by Gary North
"About Schmidt" is a memorable movie about an unmemorable man. Jack Nicholson, who has spent his entire career playing aggressive, hostile weirdos, triumphs once again, this time as a character as plain as a bowl of warm oatmeal without brown sugar. Schmidt is an aging man — Nicholson's age — but a normal person, unlike Nicholson, whose flickering shadows will still be entertaining millions of people long after he is dead.
Schmidt makes an observation about his own mortality. "When I die, only a few people will remember me. When they're all dead, nothing I have ever done will leave a trace."
Schmidt is this generation's Willy Loman. Not a salesman, Schmidt is an actuarian for an insurance company. Or, rather, he was. The movie begins with his retirement.
He has lived only for his work, and now his work is done.
His work, as he finally recognizes, has left no trace.
The movie centers around three defining issues: his work (gone), his wife (dead), and his daughter's forthcoming marriage (clouded). Much of the movie was shot in Omaha, Nebraska, in winter. Everything is flat and gray. Everything points to one thing: meaningless.
Schmidt has spent his life tallying up the numbers governing life and death. He says that if you tell him your age, your gender, and where you live, he can tell you how many years you have to live. The numbers are running out on Schmidt, but he cannot figure out how to live. His rule has been, "By the numbers," but this rule no longer provides meaning for his life. Too late, he learns that it never did.
Modern man, like primitive man, seeks meaning. Men understand that meaning is always imputed, i.e., authoritatively assigned by someone else. The Greeks saw meaning as imputed by the polis. Renaissance humanists saw it imputed by politics or artistic appreciation. Modern scientific man sees it imputed only by an impersonal universe that is headed for heat death: absolute zero. Nothing will survive absolute zero, not even time itself, which is represented by directional, irreversible change. I have written about the implications of this worldview in Chapter 2 of Is The World Running Down? (1988), which you can download for free.
Schmidt seeks meaning, and the question the movie raises is this: Will he ever find it? His past is a dead end. His work was a dead end. The mortality of the few people who know him — he has no friends — is a dead end. His daughter's marriage seems to be leading to a dead end.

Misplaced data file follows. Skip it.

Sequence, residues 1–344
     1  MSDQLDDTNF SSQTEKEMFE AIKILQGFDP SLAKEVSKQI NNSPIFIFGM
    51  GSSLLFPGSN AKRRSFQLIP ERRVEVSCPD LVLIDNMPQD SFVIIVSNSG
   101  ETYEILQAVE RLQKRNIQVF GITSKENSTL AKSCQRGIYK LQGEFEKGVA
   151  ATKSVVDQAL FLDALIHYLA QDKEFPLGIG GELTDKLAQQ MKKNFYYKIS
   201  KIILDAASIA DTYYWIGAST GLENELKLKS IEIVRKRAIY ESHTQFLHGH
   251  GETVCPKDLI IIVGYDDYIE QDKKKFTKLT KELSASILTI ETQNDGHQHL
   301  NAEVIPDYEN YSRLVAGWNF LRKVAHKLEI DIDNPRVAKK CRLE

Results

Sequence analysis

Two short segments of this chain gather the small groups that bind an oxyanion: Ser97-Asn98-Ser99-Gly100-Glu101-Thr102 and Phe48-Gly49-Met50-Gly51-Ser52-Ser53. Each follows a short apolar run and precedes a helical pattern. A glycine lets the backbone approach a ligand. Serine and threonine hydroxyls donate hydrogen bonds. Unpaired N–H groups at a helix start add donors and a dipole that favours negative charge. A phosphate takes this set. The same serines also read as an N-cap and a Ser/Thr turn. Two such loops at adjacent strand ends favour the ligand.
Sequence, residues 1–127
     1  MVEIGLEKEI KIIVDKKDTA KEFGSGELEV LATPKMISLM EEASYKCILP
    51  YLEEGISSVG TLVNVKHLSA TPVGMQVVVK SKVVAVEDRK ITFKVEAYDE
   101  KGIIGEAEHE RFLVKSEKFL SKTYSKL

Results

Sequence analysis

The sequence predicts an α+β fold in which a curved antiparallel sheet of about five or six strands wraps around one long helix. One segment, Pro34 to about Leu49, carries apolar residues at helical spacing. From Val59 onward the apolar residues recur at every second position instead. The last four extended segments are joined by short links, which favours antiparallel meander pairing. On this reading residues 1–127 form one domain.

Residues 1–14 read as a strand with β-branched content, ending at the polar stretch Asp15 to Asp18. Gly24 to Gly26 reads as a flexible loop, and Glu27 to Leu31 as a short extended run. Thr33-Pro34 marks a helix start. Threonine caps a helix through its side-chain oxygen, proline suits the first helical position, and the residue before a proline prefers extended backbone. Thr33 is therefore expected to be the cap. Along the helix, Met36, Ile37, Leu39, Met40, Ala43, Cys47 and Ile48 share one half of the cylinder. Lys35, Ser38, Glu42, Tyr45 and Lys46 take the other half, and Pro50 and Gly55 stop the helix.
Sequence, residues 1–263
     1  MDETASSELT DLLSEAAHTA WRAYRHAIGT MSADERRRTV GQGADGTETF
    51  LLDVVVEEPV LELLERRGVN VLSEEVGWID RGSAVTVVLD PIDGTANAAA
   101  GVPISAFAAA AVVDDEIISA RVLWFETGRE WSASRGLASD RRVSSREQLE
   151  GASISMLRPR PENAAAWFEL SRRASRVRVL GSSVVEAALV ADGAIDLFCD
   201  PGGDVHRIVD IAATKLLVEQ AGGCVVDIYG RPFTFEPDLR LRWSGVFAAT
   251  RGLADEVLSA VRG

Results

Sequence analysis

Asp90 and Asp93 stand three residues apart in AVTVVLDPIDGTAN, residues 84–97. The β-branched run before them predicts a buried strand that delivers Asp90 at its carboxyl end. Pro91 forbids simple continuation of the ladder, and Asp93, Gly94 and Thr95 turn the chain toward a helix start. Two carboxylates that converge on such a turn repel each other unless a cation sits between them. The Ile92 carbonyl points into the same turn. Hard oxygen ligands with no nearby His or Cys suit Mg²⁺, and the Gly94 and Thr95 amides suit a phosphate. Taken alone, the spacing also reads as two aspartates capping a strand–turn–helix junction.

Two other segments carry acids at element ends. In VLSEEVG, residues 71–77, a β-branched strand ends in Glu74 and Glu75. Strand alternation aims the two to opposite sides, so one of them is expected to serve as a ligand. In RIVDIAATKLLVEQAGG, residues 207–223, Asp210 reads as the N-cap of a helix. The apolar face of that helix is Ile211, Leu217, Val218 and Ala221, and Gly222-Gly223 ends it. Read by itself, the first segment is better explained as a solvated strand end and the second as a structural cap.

Where will he find the throughway?
A MATTER OF IMPUTATION
Life has meaning. Every event fits precisely into God's completed decree. "And truly the Son of man goeth, as it was determined: but woe unto that man by whom he is betrayed!" (Luke 22:22). God applies His standards to everything. He evaluates everything. He will wrap up history at the final judgment (Matt. 25; Rev. 20:14-15).
Schmidt worries about his life's lack of meaning. This self-evaluation was incorrect. Schmidt's life has had meaning. His problem is what his life has meant. An evaluation had been applied by God: "Guilty." Day by day, this evaluation was becoming clearer to Schmidt. It had taken major discontinuities in his life for him even to begin to perceive this.
I hope Nicholson actually sees this movie. I hope he figures out soon that it will probably serve as his epitaph: "About Nicholson." Digital shadows on TV screens will let some of his work survive as re-runs long after he dies, but he will be no less departed. But, unlike the Greeks' theory of the human shadow, Nicholson's multiple shadows will possess neither sensibility nor memory. He has spent his career as Hollywood's award-winning bad boy. Now he is an old man playing an old man to near-perfection. The full-color shadows of his work will not deliver him from Schmidt's looming fate. At least Schmidt has a growing awareness of his past. Nicholson doesn't seem to. But, then again, he is a great actor.
In the movie, there is a scene in which Schmidt goes to the funeral parlor to arrange his wife's funeral. Finally, he is facing the mortician, who totals up the bill. So much for the casket, so much for the ground, so much for the car to drive him to the grave. A numbers-cruncher to the core of his being, Schmidt asks: "What if I drive in my own car?"
Later in the movie, his long-alienated daughter lashes out at him. "You bought the cheapest casket you could buy. Why didn't you pay more to honor mom at least once?" He protests that he didn't buy the cheapest casket. The mortician had shown him one, but he had turned it down. "A pine box?" she shouts. "I don't recall," he responds, but we know it was.
His daughter had bought completely into what the muckraking author Jessica Mitford four decades ago designated as the American way of death. In the spirit of humanist imputation, the daughter imagined that the price of a casket measures the worth of the deceased. The funeral industry derives most of its income from this misperception — that, plus government regulation, which has created a monopoly.
The funeral industry has moved into the gap produced by men's waning faith in God and in the church as God's representative agency relating to life and death. The physician has replaced the minister in preserving life, and the funeral director has replaced him in death. Corpses today move from the hospital to the funeral "home" in one step, and from the funeral "home" — a place of negotiation, not a place of passing — to the grave.
Rule #1: Never negotiate with a physician from the operating table. I had to do this when I was sedated, lying in an emergency ward, in 2001: gall-bladder removal. I could not easily call in other practitioners to get a better bid. I paid a heavy price to a specialist, who conducted five such operations on that day. No one will have to hold a fund-raiser for his widow!